Homefront Help

March 15, 2011
By Rita Boland, SIGNAL Connections

Homefront Help is SIGNAL Connections’ effort to support U.S. service members, veterans and their families. The column highlights programs that offer resources and assistance to the military community ranging from care packages to benefits and everything in between. In that same spirit, Homefront Help presents opportunities for readers to donate time, offer resources and send words of thanks to those who sacrifice for freedom. Programs that provide services are listed in red. Opportunities for the public to reach out to service members are listed in blue. Each program description includes a link to the organization's website, when available. Homefront Help also has a Facebook page where visitors can gather and share information.

Jammies for GIs

When sick and wounded troops are evacuated out of war zones, they often arrive at military hospitals with nothing more than the clothes on their backs, and those are often damaged from battle or purposely cut to treat wounds. This leaves injured warfighters little recourse other than to use their own money to purchase the basic personal effects they require. Enter Jammies for GIs. Despite the name, the group does more than hand out nightwear. It works to provide a clean change of clothes, entertainment and other goods to those who came to harm fighting for their country.

Jammies for GIs relies on volunteers and donations to carry out its mission. Anyone who would like to get involved is encouraged to visit the organization's website for volunteer and donation ideas. Hospital staff members who have identified needs within their unit can contact Jammies for GIs, which will do its best to fill the gaps.  

Vietnam War 50th Anniversary Commemoration

This initiative launched by the U.S. Defense Department has several purposes to recognize the varied sacrifices and triumphs of the Vietnam War. The goals encompass thanking and honoring Vietnam veterans including those held as prisoners of war or listed as missing in action; highlighting the service of the armed forces and other organizations and agencies who supported them; and paying tribute to contributions made on the homefront by the American people. In addition, organizers hope to draw attention to advances in technology, science and medicine because of research conducted during the conflict and to recognize the contributions and sacrifices of U.S. allies during the war.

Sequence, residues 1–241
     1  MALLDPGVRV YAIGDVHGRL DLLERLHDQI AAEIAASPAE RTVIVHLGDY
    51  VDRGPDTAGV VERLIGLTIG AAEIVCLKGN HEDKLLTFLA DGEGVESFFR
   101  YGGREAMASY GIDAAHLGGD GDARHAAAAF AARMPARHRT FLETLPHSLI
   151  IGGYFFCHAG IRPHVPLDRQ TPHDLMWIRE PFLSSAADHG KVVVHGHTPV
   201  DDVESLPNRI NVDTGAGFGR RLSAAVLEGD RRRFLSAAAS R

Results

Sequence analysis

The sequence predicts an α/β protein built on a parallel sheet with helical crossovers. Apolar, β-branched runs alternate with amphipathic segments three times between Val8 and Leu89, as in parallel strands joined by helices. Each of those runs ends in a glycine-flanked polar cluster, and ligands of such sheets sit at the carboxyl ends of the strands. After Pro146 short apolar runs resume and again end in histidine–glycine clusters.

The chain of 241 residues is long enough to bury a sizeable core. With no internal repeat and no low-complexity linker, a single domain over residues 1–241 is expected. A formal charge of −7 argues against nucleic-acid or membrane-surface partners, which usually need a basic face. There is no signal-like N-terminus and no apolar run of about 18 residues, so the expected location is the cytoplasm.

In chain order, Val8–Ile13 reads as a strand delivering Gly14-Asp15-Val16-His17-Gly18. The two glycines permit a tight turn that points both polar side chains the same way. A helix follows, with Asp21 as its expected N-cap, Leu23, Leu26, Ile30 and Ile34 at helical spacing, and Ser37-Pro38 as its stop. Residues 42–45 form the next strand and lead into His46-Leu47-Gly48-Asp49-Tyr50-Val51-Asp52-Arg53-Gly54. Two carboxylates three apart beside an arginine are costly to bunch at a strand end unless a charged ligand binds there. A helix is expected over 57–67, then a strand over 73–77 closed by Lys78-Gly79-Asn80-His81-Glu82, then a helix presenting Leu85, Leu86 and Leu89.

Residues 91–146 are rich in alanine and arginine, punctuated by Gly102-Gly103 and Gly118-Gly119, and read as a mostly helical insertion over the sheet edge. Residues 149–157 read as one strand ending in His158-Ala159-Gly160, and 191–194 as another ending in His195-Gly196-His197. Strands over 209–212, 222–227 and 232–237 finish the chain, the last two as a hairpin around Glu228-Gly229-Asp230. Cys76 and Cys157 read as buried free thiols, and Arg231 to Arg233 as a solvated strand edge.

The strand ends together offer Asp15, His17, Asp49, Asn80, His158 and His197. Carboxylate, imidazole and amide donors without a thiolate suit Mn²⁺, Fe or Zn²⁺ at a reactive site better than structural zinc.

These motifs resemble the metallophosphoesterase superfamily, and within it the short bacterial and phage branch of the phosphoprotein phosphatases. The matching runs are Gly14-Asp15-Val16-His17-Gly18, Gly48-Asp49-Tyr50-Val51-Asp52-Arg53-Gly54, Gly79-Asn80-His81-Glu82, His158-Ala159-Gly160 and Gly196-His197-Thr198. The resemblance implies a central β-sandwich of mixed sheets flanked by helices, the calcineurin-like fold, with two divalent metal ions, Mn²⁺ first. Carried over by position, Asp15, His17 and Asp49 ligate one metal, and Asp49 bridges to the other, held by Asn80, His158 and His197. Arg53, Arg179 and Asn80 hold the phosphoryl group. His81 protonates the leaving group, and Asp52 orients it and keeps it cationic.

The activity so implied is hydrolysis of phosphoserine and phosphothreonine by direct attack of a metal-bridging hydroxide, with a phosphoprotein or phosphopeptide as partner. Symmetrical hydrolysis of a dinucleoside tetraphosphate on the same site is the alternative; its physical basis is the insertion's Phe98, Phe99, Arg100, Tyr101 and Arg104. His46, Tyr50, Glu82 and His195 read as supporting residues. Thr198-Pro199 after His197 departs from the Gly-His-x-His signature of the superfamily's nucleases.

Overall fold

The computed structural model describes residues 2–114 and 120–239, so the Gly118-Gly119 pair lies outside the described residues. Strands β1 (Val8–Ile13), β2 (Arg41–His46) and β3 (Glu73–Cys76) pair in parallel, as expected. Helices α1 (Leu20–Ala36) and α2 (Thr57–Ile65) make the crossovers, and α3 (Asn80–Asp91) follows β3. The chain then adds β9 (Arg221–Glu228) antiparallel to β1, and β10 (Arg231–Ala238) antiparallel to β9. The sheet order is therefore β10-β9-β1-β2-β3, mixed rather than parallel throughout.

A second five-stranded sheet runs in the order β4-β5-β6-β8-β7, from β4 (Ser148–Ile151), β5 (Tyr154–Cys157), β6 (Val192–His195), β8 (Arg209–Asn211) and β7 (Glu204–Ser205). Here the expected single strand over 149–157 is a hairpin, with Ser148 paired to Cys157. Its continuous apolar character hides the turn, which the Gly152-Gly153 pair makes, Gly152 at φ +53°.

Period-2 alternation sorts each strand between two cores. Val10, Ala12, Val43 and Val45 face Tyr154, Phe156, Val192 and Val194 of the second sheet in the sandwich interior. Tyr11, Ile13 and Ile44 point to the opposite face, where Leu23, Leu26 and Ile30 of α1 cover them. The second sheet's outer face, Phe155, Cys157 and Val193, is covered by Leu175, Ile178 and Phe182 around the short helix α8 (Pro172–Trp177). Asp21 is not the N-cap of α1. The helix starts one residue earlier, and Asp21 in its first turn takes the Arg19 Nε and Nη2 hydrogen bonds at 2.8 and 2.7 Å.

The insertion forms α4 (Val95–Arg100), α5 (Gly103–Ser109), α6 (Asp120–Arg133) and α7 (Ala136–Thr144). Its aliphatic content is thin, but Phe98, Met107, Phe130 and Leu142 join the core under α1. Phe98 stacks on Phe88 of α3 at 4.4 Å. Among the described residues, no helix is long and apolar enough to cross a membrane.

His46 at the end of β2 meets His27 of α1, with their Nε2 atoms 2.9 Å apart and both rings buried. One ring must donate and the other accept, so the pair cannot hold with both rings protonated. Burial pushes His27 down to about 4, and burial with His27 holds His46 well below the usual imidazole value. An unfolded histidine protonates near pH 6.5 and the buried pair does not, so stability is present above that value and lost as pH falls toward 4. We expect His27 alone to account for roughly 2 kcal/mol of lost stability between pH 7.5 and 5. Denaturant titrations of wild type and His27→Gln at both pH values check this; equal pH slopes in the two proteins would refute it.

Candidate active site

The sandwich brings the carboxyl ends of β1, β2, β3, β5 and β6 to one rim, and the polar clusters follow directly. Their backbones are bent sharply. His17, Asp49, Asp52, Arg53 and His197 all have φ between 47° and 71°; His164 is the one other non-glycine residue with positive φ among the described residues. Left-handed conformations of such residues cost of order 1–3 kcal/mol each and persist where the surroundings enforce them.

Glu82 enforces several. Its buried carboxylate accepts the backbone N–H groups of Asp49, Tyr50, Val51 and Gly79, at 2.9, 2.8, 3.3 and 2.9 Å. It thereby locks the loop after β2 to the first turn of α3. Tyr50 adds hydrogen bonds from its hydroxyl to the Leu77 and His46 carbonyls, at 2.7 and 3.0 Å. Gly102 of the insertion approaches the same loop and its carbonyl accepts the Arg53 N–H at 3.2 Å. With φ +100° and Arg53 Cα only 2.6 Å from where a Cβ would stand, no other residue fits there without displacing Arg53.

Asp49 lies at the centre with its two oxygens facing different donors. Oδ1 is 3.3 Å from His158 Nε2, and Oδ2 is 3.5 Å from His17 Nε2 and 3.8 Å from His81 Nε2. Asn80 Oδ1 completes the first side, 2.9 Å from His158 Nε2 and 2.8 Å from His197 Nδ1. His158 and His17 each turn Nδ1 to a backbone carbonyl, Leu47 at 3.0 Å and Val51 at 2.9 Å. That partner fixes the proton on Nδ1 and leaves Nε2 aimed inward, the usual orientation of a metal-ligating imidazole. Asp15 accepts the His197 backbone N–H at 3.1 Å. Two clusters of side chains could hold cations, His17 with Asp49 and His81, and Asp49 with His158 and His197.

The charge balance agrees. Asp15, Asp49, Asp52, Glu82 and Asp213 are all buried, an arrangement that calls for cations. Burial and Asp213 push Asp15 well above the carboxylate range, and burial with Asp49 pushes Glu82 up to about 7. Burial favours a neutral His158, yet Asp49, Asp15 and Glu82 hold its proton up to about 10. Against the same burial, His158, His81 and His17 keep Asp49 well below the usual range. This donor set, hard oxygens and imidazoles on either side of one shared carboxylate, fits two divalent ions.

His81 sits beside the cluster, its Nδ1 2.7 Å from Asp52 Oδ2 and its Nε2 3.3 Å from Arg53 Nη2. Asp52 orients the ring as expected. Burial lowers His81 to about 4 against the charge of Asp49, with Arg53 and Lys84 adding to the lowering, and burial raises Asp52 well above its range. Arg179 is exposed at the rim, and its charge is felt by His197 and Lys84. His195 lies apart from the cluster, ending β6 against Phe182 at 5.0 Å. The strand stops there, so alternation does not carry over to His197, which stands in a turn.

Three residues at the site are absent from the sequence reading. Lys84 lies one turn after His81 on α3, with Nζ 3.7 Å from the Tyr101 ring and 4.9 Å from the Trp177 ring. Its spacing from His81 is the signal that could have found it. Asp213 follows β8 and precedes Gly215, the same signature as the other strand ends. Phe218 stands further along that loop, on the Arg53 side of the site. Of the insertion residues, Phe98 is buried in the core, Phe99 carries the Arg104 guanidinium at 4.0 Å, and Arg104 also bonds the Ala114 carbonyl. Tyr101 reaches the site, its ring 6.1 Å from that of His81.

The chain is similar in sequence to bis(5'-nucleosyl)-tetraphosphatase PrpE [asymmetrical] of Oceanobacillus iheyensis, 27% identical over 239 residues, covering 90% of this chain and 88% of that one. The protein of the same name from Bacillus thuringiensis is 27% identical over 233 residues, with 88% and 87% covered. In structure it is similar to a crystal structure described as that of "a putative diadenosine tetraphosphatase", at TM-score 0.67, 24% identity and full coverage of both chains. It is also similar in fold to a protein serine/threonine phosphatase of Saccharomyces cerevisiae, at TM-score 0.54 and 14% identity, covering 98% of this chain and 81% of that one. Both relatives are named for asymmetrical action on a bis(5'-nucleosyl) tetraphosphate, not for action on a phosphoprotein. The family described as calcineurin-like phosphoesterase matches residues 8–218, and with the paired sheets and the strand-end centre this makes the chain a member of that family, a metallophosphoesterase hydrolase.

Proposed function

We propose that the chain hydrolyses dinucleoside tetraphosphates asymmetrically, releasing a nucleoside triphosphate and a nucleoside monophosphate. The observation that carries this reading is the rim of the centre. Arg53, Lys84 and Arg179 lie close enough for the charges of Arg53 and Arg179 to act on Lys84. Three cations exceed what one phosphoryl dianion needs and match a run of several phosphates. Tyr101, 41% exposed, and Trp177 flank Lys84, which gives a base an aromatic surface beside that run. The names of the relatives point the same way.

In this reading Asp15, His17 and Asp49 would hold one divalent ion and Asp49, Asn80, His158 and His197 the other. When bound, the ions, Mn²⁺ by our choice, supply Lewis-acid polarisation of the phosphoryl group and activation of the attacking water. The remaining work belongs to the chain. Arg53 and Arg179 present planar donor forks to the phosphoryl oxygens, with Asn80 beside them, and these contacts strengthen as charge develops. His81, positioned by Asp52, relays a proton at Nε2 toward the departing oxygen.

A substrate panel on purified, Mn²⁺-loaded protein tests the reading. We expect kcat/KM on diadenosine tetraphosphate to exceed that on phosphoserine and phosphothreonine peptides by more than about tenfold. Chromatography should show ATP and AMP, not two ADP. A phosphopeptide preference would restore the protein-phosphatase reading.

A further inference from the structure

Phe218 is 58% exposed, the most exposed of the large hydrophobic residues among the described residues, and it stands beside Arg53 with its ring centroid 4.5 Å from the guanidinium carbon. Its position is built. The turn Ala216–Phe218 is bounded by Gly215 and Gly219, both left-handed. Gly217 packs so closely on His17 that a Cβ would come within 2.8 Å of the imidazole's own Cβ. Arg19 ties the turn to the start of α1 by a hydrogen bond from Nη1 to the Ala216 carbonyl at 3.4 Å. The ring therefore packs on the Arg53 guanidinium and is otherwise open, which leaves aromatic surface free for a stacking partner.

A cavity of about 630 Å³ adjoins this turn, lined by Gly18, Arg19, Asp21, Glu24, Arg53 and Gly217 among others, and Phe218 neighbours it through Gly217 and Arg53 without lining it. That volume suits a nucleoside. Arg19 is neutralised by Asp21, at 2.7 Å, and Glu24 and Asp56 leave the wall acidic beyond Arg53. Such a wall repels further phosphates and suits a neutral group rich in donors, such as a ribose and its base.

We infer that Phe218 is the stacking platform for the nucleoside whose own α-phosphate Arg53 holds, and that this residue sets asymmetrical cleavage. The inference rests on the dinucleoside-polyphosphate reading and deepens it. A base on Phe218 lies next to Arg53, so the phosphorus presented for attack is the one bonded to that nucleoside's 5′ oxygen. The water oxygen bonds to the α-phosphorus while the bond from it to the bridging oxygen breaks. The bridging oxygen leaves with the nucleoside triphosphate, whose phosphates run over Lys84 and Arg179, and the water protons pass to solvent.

The Defense Department plans to coordinate with federal agencies, veteran groups, local governments and nongovernment organizations for input on activities. Interested parties can visit the website or call 877-387-9951 for more information.

T2 Virtual PTSD Experience

Designed to educate people about and assist with post-traumatic stress disorder (PTSD), this virtual experience in Second Life offers access to several beneficial simulations. Visitors can learn how PTSD can be acquired as well as triggers and avoidance issues and why PTSD is a normal human response. Through interactive activities, the environment helps users learn how symptoms can manifest and provides information about how to diagnose the syndrome and access care resources.

The National Center for Telehealth and Technology (T2) developed the simulation to help veterans and their loved ones anonymously learn more about PTSD. By making the resource available in the privacy of people's homes, the Defense Department hopes users will feel more comfortable, reducing the perceived stigma of asking for help.

To take advantage of the experience, users must create a Second Life avatar. For those without an account, instructions to obtain one are posted on the PTSD Experience website, along with more detailed information and graphics as well as a direct link to the correct region in the online world environment.


The SIGNAL Connections staff encourages readers to take advantage of the programs mentioned in this column and to pass along the information. In addition, if you know of a program that is helping service personnel, please let us know about it. Submit that information to SIGNAL's news editor.
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